Invasive species get the ax

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CLOSE TO HOME: RESPONDING TO SEXUAL ASSAULT IN OUR COMMUNITY

Invasive species get the ax

Durango removing nonnative trees from riverside property
Jake Lee, crew leader with the Southwest Conservation Corps, cuts a collar around a Russian olive tree in Oxbow Park and Preserve along the Animas River north of Durango. The city of Durango is in the process of removing invasive Russian olive and Siberian elm trees.
Wearing a bandana for his allergies, Jake Tallman with the Southwest Conservation Corps applies a herbicide to a collar cut around a Russian olive tree. The invasive species can deprive native plants, such as cottonwoods and rabbit brush of nutrients.
The light-colored, invasive Russian olive tree has begun taking over areas in Oxbow Park and Preserve along the Animas River north of Durango.
Invasive Siberian elm trees are one type of tree the city is removing in Oxbow Park and Preserve along the Animas River north of Durango.
The light-colored, invasive Russian olive tree has begun taking over areas in Oxbow Park and Preserve along the Animas River north of Durango.
Invasive Russian olive and Siberian elm trees force out native trees such as these cottons woods and willow trees growing in Oxbow Park and Preserve along the Animas River north of Durango.
Jake Lee, crew leader with the Southwest Conservation Corps, cuts a collar around a Russian olive tree in Oxbow Park and Preserve along the Animas River north of Durango. The city of Durango is in the process of removing invasive Russian Olive and Siberian elm trees.
Ron Stoner, Durango city arborist, talks about the invasive Russian olive trees, which can overtake an area quickly. They are growing in Oxbow Park and Preserve along the Animas River north of Durango. The city with the help of Southwest Conservation Corp. is removing them.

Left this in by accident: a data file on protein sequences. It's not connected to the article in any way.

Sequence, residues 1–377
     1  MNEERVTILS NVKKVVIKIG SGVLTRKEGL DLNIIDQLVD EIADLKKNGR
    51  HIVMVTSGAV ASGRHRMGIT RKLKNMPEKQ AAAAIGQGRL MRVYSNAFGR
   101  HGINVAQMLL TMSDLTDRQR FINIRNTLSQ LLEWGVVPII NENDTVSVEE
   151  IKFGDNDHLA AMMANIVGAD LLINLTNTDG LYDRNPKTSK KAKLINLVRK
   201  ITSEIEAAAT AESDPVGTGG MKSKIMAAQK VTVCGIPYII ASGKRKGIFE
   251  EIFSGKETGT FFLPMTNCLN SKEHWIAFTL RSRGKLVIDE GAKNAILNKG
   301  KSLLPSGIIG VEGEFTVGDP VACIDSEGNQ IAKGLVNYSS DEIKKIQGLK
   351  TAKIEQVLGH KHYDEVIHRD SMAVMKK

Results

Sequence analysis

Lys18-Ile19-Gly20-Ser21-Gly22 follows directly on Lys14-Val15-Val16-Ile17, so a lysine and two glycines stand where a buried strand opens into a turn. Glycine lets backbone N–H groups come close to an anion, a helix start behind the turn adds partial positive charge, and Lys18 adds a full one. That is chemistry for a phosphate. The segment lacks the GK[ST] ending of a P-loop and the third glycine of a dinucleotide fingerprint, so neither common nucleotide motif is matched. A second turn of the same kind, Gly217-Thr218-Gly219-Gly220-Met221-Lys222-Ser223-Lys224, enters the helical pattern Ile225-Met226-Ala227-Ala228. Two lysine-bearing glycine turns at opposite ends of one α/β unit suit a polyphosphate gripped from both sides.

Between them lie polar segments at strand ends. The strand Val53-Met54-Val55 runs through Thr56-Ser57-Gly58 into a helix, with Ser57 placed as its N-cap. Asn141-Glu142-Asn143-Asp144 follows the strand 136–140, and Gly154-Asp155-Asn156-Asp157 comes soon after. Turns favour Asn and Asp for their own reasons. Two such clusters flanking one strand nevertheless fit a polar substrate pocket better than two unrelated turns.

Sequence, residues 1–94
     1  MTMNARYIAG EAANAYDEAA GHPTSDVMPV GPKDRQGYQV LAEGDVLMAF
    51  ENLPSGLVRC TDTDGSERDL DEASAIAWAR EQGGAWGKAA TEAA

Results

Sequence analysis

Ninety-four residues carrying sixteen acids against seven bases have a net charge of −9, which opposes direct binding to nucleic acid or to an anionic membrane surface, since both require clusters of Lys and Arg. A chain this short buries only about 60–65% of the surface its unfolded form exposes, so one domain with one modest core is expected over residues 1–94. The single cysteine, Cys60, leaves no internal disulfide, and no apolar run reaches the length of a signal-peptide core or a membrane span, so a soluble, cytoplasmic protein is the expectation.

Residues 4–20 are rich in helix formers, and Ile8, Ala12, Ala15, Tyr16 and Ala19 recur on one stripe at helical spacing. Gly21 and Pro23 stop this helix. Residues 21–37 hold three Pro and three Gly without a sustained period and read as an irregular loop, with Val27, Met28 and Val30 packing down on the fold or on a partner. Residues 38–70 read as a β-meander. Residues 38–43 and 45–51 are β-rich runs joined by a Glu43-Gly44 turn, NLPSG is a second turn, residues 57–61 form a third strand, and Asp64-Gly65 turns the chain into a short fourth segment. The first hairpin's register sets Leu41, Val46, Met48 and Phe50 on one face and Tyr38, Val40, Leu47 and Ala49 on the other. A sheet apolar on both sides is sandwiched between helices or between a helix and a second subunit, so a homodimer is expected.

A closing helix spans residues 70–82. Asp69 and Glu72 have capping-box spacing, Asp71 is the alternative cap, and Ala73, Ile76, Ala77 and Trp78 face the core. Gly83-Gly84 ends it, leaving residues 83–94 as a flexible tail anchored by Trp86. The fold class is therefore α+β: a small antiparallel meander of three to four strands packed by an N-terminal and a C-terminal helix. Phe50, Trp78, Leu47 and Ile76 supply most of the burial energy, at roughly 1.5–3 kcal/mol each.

Invasive species get the ax

Jake Lee, crew leader with the Southwest Conservation Corps, cuts a collar around a Russian olive tree in Oxbow Park and Preserve along the Animas River north of Durango. The city of Durango is in the process of removing invasive Russian olive and Siberian elm trees.
Wearing a bandana for his allergies, Jake Tallman with the Southwest Conservation Corps applies a herbicide to a collar cut around a Russian olive tree. The invasive species can deprive native plants, such as cottonwoods and rabbit brush of nutrients.
The light-colored, invasive Russian olive tree has begun taking over areas in Oxbow Park and Preserve along the Animas River north of Durango.
Invasive Siberian elm trees are one type of tree the city is removing in Oxbow Park and Preserve along the Animas River north of Durango.
The light-colored, invasive Russian olive tree has begun taking over areas in Oxbow Park and Preserve along the Animas River north of Durango.
Invasive Russian olive and Siberian elm trees force out native trees such as these cottons woods and willow trees growing in Oxbow Park and Preserve along the Animas River north of Durango.
Jake Lee, crew leader with the Southwest Conservation Corps, cuts a collar around a Russian olive tree in Oxbow Park and Preserve along the Animas River north of Durango. The city of Durango is in the process of removing invasive Russian Olive and Siberian elm trees.
Ron Stoner, Durango city arborist, talks about the invasive Russian olive trees, which can overtake an area quickly. They are growing in Oxbow Park and Preserve along the Animas River north of Durango. The city with the help of Southwest Conservation Corp. is removing them.
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